Self-Publishing Update: Reading on a Smartphone

Ugh, is there anything worse for today’s author than to think about someone reading their book on a smartphone? We like the image of a reader luxuriating with a stately hardcover, a sleek paperback, or—in a pinch—an e-reader. But a tiny-screen phone? Is no tradition sacred? Why not throw words out too, while we’re at it?

Ah, reader. You probably know me well enough by now to know I am a positive thinker. (When I’m not cowering in fear of my Dark Lord.) So I direct your attention to Clive Thompson, who points out that 18th-century books looked like smartphone screens:

Image Credit: Google Books via Clive Thompson


Thompson explains:

That small-page format was quite common back in the 18th century. It’s known as octavo with pages that are about 6 inches by 9 inches. The entire Conjectures is only about 8,000 words long, but it was common to print essays in this pretty little style, because it had great ergonomics: It made for easy one-handed reading and portability.

Thompson has much more on his blog, including a brief history of printmaking (explaining the size) and photos comparing it with today’s smartphone screens. He even offers this personal benefit of the format:

In fact, one of the oddly useful things about reading War and Peace on your phone is that the octavo-like format makes the epic enormity of the tome less intimidating: It’s just one little page after another, each one oddly inviting. I tend to blow up the font on my phone to quite large, so each page has only a few hundred words on it, precisely the way that [an 18th-century book] is laid out…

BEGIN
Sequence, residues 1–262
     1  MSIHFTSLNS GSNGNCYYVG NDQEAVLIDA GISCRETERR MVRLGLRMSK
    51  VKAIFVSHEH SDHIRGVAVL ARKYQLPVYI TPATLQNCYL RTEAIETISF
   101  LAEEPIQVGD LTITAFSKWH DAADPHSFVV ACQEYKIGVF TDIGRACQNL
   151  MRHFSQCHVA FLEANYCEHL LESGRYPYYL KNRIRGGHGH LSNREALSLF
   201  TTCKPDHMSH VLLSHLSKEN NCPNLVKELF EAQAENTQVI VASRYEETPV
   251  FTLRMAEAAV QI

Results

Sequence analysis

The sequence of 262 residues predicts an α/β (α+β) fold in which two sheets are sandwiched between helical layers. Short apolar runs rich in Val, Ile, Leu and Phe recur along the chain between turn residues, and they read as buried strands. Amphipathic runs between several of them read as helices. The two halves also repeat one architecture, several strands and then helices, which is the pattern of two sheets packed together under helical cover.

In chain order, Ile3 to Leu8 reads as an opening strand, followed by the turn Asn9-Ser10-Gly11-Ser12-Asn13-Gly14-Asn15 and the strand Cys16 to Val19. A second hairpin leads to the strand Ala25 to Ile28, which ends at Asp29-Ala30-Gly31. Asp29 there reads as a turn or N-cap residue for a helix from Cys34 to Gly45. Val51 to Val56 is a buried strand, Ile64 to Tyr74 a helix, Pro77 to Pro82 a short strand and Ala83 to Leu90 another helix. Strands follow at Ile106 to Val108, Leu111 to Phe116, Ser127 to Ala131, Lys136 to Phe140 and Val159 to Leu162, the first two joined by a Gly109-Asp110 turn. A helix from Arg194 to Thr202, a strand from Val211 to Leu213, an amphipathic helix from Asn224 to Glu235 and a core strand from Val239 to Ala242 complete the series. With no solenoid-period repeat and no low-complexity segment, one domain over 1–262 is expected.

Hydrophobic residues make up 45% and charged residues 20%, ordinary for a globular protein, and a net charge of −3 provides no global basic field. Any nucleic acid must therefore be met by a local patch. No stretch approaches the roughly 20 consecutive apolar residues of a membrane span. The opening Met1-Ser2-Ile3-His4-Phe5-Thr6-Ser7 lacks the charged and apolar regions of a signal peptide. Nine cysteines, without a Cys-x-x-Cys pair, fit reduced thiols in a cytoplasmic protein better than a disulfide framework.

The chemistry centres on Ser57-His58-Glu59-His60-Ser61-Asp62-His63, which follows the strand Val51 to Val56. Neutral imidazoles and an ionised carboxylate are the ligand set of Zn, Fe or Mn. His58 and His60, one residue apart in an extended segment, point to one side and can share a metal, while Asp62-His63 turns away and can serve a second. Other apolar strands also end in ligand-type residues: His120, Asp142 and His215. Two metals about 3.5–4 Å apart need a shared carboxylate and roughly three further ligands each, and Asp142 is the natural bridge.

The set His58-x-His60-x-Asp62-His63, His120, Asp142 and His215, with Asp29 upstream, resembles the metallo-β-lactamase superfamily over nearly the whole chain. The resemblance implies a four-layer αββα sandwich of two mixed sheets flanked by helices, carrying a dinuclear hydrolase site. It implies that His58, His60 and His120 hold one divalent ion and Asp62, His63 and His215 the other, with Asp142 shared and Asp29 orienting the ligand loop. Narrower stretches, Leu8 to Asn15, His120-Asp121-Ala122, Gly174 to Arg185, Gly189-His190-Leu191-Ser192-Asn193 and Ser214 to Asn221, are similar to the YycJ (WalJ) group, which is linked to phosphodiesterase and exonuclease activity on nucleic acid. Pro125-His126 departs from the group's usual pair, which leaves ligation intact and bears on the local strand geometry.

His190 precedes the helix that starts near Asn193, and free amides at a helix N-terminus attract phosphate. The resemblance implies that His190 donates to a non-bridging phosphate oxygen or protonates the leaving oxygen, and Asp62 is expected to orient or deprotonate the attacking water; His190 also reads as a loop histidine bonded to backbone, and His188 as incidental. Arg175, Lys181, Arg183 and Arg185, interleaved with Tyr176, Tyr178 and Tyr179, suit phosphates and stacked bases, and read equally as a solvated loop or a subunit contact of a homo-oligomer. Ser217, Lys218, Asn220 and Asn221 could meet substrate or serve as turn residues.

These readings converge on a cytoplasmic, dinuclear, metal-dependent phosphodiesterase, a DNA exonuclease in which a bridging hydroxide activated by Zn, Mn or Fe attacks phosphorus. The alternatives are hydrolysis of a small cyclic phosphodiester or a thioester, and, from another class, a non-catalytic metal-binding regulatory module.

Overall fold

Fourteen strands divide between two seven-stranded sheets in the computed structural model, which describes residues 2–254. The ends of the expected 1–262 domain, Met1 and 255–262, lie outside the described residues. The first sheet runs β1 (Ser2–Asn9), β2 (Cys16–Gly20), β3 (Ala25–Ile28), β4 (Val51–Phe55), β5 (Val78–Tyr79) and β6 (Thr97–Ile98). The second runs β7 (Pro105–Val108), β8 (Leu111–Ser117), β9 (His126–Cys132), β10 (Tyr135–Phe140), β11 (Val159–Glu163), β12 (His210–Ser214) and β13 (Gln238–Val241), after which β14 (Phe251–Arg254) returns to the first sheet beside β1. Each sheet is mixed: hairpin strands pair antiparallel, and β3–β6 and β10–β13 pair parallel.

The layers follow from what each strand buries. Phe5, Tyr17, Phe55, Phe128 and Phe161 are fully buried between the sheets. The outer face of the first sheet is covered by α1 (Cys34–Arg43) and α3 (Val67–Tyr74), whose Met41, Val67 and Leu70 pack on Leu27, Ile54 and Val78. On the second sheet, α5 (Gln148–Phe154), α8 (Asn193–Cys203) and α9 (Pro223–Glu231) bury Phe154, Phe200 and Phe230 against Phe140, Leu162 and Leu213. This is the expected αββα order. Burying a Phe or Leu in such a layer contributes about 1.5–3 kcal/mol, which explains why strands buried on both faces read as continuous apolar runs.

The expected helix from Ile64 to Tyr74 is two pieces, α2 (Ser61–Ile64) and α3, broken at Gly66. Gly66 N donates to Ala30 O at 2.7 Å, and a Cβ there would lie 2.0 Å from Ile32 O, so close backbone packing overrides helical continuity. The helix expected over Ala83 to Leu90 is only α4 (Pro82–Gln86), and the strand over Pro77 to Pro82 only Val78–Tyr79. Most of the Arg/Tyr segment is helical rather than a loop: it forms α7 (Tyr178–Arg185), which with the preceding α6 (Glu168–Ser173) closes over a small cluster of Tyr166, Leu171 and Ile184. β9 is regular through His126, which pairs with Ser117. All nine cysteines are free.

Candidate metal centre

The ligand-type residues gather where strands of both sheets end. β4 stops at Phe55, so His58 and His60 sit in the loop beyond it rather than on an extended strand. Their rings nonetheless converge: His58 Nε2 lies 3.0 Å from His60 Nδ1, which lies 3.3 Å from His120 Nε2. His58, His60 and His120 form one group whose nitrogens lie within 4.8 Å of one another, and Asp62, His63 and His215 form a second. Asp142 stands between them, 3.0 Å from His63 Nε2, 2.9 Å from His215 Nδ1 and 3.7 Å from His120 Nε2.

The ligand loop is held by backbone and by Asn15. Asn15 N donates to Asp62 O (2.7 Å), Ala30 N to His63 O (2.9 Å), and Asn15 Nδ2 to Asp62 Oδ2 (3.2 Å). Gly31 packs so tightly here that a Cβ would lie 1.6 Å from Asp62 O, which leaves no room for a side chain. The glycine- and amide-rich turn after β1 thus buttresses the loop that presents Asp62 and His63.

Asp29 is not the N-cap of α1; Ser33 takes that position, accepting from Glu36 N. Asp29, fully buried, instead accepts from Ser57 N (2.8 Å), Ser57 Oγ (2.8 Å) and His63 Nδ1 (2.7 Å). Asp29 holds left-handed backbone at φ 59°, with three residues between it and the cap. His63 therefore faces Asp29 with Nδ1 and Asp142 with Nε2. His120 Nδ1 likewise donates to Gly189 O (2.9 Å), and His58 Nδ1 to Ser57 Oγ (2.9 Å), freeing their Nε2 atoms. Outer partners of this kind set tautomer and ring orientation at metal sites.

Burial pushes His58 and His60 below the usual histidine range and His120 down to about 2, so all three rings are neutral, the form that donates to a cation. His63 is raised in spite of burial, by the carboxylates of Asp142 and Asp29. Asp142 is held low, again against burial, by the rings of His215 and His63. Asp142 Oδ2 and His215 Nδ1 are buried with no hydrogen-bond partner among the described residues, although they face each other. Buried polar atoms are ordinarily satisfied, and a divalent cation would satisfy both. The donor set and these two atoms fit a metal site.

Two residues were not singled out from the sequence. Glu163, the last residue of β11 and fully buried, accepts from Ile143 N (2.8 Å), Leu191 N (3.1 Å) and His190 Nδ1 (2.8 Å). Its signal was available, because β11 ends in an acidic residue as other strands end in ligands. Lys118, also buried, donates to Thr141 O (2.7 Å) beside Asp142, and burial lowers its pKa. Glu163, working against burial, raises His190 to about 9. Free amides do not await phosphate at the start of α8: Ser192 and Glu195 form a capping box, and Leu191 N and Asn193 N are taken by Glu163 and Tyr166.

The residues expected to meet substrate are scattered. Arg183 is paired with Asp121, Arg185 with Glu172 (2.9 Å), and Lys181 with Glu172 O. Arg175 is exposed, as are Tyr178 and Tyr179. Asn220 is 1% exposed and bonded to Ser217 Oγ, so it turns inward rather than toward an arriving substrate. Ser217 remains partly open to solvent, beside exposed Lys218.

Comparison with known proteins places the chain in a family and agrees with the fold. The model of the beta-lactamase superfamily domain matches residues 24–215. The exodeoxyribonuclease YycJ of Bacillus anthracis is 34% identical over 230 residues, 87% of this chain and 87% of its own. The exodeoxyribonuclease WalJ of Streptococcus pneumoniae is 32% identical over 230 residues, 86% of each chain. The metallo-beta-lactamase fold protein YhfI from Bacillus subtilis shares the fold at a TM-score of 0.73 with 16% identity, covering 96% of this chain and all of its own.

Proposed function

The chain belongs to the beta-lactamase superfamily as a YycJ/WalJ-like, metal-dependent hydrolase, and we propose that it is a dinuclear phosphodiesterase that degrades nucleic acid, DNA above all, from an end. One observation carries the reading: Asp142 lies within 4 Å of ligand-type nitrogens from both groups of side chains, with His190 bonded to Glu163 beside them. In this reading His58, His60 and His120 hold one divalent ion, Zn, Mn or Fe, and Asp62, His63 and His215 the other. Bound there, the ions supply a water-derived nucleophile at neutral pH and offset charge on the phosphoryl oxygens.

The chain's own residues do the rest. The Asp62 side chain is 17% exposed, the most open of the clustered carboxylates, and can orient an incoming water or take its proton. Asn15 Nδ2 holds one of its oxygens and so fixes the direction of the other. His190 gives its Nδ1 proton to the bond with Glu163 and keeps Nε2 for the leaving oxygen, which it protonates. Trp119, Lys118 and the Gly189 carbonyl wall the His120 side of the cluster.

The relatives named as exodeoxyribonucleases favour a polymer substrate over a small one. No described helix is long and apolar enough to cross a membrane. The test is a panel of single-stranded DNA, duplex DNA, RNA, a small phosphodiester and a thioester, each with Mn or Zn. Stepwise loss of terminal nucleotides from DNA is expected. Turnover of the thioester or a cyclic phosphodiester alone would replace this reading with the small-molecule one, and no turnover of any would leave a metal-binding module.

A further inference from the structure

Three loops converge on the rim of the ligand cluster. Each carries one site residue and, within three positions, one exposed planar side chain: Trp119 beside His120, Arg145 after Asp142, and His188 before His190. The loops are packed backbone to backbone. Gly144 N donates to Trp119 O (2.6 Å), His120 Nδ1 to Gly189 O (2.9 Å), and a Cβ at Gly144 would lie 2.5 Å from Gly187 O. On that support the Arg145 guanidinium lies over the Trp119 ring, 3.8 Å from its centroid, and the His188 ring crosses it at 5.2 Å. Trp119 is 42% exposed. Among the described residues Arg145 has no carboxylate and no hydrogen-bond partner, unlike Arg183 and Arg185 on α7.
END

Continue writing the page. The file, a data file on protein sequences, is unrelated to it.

Fascinating. And of course, I would be remiss if I didn’t point out that my books The Promotion and  The Race are available in a variety of formats, and from a variety of booksellers. Happy reading!

Small Press Shout-Out: Pantera Press!

We’re headed down under for this week’s small press shout-out. And what a trip it is! Even the most seasoned, curmudgeonly book buyer will find it hard to return from the Pantera Press website without wearing a smile. This press exudes friendliness and charm, from their mission-like statement “our passion is publishing books readers rave about by discovering & nurturing talented new authors, & fostering debate,” to their trademarked slogan “good books doing good things,” to their “strong ‘profits for philanthropy’ foundation.”

This is a press that’s unashamed to say, “We’re thrilled about what we’re doing. We hope you get excited too!”

I’m getting there, Pantera!

Actually, their entire statement is worth quoting: Continue reading

One Flew Over the Law Firm (The Promotion Excerpt #5)